Education also appears important, as individuals with more education are less likely to be nostalgic. Wealth has a less clear role, appearing only slightly relevant for overall attitudes, and more relevant when we look at those citing economic reasons for their attitude. This suggests that those who regret the dissolution of the USSR are those who suffered the most during the transition. This also suggests that as the economy improves and newer generations come of age, nostalgia towards the USSR may decline.
While age, education, and wealth are relevant, they are not the only factors. Attitudes towards democracy and towards Georgia’s orientation to Russia also seem to separate nostalgics from non-nostalgics. Those who believe that Georgia should forego NATO and EU membership in favor of closer ties to Russia as well as those who think that Georgia is not a democracy and that democracy is not necessarily the best form of government, are more likely to also believe that the dissolution of the USSR was a negative thing.
Similar patterns emerge when disaggregating the reasons for nostalgia, with wealth being more relevant for those who mentioned the worse economy as a reason for nostalgia. Interestingly, feeling close to a particular political party does not seem to be relevant for these attitudes, once other factors are held constant. One exception is when looking at identity-related responses for the attitudes. Respondents who feel close to pro-western opposition parties are less likely to believe that the dissolution of the USSR was a bad thing because ties with other nationalities became less common, travel to other former Soviet Republics became harder, or for people judging each other because of their identity. Ethnic minorities in Georgia are more likely to report these reasons than ethnic Georgians.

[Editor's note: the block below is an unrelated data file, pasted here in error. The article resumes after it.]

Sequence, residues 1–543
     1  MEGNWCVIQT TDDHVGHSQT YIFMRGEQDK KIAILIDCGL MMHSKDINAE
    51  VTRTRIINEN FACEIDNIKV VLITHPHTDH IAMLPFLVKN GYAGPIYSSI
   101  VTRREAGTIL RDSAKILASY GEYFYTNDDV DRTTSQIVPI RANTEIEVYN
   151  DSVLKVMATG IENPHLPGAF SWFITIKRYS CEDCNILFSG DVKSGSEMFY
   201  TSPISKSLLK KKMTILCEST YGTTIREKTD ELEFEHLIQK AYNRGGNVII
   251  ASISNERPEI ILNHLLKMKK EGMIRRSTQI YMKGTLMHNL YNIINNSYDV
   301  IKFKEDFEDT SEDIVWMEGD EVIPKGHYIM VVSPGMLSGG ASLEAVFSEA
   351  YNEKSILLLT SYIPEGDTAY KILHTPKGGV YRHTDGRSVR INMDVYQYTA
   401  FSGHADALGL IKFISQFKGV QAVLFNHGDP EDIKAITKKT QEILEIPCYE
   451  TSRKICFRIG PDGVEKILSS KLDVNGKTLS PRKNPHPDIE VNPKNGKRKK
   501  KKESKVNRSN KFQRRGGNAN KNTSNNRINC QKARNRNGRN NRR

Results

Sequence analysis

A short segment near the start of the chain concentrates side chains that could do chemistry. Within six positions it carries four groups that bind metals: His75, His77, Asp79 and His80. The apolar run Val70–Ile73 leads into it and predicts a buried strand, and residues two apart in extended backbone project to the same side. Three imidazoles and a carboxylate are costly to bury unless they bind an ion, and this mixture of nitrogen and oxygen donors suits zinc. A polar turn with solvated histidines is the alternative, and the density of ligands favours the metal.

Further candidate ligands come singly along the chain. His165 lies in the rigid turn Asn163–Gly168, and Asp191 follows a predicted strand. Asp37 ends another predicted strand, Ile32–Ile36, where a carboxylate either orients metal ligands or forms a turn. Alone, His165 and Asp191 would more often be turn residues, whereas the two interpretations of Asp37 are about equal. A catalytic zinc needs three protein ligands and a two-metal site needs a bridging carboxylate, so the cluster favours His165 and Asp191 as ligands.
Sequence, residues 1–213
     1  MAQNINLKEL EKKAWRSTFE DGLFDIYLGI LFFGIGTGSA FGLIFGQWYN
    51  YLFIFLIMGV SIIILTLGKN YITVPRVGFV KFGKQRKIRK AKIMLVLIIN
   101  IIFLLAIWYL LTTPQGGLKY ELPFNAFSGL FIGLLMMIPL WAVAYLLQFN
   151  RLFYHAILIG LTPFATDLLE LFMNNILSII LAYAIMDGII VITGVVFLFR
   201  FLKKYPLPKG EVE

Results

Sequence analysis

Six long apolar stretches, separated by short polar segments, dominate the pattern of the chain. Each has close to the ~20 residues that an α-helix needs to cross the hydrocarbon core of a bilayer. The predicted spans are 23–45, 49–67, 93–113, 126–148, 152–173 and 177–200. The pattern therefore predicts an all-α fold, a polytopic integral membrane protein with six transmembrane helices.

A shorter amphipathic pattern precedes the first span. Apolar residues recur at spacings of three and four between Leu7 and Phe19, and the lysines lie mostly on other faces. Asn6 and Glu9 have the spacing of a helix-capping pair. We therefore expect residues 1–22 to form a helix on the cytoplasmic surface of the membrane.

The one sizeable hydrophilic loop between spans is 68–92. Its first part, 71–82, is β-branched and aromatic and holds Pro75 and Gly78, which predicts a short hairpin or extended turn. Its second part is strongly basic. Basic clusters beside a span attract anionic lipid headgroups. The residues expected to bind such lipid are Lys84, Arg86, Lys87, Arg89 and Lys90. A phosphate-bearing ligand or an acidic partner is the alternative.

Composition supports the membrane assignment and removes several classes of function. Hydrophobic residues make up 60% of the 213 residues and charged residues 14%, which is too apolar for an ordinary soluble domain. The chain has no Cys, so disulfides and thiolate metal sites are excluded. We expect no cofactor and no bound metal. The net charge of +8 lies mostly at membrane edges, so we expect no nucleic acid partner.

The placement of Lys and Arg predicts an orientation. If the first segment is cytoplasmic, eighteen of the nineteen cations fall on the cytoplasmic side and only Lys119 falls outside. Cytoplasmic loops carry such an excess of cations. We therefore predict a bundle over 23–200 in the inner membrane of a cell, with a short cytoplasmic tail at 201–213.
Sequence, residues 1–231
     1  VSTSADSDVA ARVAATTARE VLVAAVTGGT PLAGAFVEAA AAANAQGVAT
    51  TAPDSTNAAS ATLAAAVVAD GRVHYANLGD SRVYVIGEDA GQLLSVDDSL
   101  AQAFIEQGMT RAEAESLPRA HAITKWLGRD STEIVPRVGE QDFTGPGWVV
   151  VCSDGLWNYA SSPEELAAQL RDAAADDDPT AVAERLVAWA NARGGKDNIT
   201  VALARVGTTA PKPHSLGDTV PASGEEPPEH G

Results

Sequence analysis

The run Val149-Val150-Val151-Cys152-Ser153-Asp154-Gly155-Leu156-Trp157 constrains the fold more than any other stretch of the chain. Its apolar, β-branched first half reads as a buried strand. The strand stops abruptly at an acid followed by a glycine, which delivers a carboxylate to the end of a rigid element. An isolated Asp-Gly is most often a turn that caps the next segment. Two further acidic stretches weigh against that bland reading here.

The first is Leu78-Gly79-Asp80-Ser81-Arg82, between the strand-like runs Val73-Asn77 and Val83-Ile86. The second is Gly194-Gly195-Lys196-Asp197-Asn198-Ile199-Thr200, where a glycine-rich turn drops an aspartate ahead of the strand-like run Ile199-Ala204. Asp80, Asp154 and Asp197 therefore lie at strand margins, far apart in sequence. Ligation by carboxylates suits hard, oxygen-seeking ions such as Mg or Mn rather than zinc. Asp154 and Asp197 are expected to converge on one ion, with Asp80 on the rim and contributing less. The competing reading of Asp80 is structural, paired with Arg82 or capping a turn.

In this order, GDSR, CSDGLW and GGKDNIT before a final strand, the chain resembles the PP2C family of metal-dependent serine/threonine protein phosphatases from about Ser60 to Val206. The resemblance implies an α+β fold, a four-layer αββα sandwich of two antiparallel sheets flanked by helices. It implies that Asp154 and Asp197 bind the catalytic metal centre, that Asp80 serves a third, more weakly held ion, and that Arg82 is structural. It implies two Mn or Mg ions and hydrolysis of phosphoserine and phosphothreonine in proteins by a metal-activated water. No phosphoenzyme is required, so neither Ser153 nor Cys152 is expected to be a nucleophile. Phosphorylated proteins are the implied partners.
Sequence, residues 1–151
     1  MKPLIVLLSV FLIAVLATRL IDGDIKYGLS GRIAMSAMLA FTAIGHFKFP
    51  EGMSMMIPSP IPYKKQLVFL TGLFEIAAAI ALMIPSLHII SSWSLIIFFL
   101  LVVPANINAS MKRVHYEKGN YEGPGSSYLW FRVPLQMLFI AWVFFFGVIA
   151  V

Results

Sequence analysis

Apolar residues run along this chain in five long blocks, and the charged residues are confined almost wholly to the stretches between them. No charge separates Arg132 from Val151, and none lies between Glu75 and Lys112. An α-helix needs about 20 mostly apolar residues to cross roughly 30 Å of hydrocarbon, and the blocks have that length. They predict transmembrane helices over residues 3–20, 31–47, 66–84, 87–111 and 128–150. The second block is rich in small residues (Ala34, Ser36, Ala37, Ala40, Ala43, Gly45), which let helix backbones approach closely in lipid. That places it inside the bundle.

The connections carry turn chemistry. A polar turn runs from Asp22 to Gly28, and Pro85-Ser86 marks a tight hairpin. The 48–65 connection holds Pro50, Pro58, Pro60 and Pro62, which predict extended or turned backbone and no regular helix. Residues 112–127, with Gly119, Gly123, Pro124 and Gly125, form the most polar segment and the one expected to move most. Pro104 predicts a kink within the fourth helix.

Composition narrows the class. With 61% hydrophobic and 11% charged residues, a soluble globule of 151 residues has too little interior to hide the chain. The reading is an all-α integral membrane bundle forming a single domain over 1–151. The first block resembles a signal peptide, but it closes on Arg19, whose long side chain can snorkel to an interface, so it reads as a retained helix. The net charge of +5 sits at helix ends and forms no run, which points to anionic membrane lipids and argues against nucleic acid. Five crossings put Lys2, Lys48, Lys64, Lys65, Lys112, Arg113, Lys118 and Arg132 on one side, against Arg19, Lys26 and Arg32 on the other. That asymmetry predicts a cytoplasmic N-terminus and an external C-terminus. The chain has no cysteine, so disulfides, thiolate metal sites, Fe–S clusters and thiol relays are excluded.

Nostalgia towards the USSR seems to be primarily related to an individual’s experience of the transition, and their current attitudes towards democracy and Russia. This connection might suggest that skepticism towards democracy and the West is related to individuals’ experiences of the transition. However, more direct analysis of attitudes towards democracy is needed to test this idea.